Wharton Interactive’s Alternate Reality Courses: Delivering Deliberate Practice at Scale

What it is.

Deliberate practice is a gamechanger.

It’s a training technique in which an instructor carefully monitors learner progress and provides timely feedback as the learner builds up skills over time. Learners develop expertise that deepens with training.1

How it works for individuals.

Applying Deliberate practice requires five elements:

  1. A step-by-step approach. Learners build up skills from the ground up. This approach requires that each skill is built on top of another, with ongoing assessment of the learner’s knowledge.2
  2. Sustained attention and engagement. Learners must be motivated and interested in pursuing goals, even though the work is hard.
  3. Learning from errors. Learners progress through a series of steps and at every step, they may err; to make progress, they need to learn from those errors.
  4. Desirable difficulties. Learners are consistently challenged and pushed out of their comfort zone
  5. Ongoing, adaptive feedback. Learners receive timely, personalized feedback from an expert instructor who guides their progress.

At Wharton Interactive, we’ve taken the elements of deliberate practice and automated those elements, to deliver informed training at scale.

How we do it at scale.

Built on our pioneering Alternate Reality Courseware gaming engine, ARCs provide:

  1. A step-by-step approach. Building skills that stick requires intentional design and a step-by-step approach. In an ARC, skill-building is carefully calibrated, beginning with foundational concepts, gaining mastery, and progressing to more complex challenges. ARCs track learner knowledge and performance, and then adjust the experience at every point, to maximize learning. Embedded within the ARC narrative are formative testing elements, in-game testing, and post-game summative tests, to ensure that learners attain a high level of expertise.
  2. Sustained attention and engagement. To engage in deliberate practice, learner attention is critical, so ARCs borrow techniques from games and stories to focus attention. Every ARC is a story in which the learner plays a starring role. By immersing themselves in their roles learners live through a narrative arc in which they are deeply invested and in which they have agency - the ability to meaningfully steer the story; learner choices lead them to different scenarios and ultimately, to different endings. In an ARC, learner agency and engagement work together to sustain and deepen learner attention.
  3. Learning from errors. It is often hard to learn from errors. In real life situations, in a classroom or an office, making a mistake does not necessarily lead to learning. ARCs provide a safe space to fail and encourage a hypothesis-driven approach to learning; learners make informed choices and then are pushed to reflect on those choices. In ARCs, learners make initial, low-stakes choices; they can make mistakes, receive direct, actionable feedback, and quickly recover from those mistakes. As the stakes increase, learners can make mistakes that are more consequential but still retain the ability to recover – no error in the game is catastrophic, and every error is addressed by in-game characters and through feedback so that learners know what to do differently next time.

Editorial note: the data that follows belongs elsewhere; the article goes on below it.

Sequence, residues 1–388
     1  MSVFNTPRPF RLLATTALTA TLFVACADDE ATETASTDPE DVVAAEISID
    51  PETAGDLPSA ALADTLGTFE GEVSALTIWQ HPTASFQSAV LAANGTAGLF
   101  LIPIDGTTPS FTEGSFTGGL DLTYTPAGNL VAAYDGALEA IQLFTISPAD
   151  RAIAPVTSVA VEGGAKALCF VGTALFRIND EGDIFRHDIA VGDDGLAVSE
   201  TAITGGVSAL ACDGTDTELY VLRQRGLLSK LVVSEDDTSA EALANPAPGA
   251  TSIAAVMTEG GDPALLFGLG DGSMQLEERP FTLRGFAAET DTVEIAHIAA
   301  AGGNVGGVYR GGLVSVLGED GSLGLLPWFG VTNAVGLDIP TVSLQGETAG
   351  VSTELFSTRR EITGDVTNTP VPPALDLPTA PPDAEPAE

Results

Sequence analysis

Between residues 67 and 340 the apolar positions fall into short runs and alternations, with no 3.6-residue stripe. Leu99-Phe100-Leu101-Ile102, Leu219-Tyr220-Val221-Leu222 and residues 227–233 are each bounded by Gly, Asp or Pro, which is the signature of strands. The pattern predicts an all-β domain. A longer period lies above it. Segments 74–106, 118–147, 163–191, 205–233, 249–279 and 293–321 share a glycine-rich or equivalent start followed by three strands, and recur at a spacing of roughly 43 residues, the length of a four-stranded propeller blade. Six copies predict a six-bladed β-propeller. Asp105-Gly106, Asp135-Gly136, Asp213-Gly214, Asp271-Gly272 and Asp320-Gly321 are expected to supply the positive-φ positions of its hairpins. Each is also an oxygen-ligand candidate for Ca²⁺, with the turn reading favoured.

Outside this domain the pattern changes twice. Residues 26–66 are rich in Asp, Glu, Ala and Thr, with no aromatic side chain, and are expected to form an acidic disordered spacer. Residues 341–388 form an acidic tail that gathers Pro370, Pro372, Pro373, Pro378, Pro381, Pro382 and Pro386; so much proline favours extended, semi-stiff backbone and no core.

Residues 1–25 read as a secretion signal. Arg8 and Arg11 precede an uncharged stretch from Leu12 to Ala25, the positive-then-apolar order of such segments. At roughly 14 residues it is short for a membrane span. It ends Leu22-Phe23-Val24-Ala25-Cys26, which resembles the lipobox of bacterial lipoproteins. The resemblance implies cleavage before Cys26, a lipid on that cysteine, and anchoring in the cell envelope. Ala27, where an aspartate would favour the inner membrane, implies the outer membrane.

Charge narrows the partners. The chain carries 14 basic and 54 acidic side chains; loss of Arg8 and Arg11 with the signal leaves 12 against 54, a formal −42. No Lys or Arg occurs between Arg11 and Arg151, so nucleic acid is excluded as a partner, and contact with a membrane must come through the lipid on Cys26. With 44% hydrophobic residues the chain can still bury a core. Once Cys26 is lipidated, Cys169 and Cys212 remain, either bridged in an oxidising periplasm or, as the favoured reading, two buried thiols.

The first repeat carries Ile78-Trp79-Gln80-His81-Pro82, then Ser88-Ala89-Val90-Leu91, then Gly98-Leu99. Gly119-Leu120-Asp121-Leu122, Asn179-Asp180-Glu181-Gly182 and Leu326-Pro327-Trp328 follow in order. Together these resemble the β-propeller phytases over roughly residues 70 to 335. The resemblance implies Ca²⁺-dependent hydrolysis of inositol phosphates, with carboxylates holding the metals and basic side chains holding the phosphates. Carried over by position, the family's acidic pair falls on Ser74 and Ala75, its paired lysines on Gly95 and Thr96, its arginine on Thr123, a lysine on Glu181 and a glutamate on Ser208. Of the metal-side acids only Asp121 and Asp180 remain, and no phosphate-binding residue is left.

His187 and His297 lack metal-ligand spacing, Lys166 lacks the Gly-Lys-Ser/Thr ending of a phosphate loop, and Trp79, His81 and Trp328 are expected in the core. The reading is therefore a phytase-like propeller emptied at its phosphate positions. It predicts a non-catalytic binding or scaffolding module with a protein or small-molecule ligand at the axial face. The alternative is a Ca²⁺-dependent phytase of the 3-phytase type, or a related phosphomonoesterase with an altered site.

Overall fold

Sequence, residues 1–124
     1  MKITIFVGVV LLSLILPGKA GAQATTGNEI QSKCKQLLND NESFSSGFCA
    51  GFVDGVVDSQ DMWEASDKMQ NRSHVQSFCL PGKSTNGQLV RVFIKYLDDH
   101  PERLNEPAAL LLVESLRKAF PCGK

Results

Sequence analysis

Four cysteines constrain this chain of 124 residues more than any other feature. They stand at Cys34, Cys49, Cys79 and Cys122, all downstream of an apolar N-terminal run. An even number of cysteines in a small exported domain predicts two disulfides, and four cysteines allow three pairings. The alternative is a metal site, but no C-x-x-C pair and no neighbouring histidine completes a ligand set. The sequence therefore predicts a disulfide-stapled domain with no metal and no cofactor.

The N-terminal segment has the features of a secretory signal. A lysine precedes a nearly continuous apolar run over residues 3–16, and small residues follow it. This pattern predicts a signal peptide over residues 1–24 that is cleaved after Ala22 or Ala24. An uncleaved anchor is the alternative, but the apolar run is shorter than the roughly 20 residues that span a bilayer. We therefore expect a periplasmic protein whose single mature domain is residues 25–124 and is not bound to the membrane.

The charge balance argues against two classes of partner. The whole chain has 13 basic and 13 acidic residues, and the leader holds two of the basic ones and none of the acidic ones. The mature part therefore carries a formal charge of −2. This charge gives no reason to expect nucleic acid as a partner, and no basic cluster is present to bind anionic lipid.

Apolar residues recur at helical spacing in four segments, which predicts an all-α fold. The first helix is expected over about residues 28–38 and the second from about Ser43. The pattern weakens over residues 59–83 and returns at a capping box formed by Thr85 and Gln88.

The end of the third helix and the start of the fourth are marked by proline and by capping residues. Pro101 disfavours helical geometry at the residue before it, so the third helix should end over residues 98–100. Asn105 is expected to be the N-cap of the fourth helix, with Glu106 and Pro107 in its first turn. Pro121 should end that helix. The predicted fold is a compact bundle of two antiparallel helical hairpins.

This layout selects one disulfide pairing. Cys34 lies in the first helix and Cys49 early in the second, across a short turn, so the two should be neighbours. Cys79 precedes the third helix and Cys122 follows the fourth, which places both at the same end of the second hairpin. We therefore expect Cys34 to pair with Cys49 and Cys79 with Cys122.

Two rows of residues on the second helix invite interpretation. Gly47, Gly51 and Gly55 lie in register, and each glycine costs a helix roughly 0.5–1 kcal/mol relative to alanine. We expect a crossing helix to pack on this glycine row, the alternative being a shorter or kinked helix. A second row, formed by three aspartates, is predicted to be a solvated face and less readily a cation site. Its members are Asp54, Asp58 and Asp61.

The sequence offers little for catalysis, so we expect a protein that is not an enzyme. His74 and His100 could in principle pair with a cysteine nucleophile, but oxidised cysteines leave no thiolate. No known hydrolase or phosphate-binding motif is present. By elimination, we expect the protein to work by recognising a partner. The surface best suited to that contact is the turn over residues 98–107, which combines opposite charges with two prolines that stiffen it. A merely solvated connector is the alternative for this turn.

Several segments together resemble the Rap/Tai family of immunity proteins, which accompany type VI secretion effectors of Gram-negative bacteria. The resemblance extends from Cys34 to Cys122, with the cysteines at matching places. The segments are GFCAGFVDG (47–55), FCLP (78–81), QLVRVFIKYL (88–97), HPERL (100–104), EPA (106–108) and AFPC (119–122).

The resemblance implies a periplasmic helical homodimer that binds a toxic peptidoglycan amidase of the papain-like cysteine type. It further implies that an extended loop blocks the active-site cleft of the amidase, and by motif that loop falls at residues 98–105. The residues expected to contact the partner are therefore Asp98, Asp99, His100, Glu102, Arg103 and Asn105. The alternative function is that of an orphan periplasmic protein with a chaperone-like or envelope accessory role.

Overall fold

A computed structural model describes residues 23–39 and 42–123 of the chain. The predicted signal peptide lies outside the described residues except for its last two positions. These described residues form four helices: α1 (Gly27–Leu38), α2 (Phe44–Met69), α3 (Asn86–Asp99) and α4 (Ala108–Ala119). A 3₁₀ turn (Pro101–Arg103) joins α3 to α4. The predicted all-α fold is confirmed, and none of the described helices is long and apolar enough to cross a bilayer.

4. Desirable difficulties. ARCs challenge learners to do something they have never done before at every turn, creating desirable difficulties, or challenges that are difficult but not insurmountable. When learners face such challenges, they are more likely to retain what they learn and are motivated to keep learning.3 ARCs calibrate the difficulty level of each challenge and couple learner decisions with timely feedback. The goal is to stretch the learner’s capacity while providing support and giving the learner enough guidance to iterate and adapt.
  5. Ongoing, adaptive feedback. Feedback is critical to success, particularly if mistakes are viewed as learning opportunities. And it can be revelatory. The ARC tracks learner choices and provides learners with personalized feedback at every step; that feedback is both retrospective (here is what happened and why) and prospective (here is what you can do better next time). Feedback comes in a variety of forms: in-game feedback, non-player character reactions, story consequences, interactive videos, and embedded instruction by experts in the field. ARC feedback can provide learners with Aha! moments as they solve a problem or discover a solution.4

By automating deliberate practice, ARCs harness the science of expertise to deliver effective training at scale.


  1. Ericsson, A., & Pool, R. (2016). Peak: Secrets from the new science of expertise. Houghton Mifflin Harcourt.
  2. Giraud‐Carrier, F. C., Fawcett, S. E., & Fawcett, A. M. (2020). SPARRING: A Deliberate Practice Pedagogy for Business Education. Decision Sciences Journal of Innovative Education.
  3. Bjork, E. L., & Bjork, R. A. (2011). Making things hard on yourself, but in a good way: Creating desirable difficulties to enhance learning. Psychology and the real world: Essays illustrating fundamental contributions to society, 2(59-68).
  4. Dubey, R., Ho, M. K., Mehta, H., & Griffiths, T. (2021). Aha! moments correspond to meta-cognitive prediction errors. PsyArXiv. June, 22.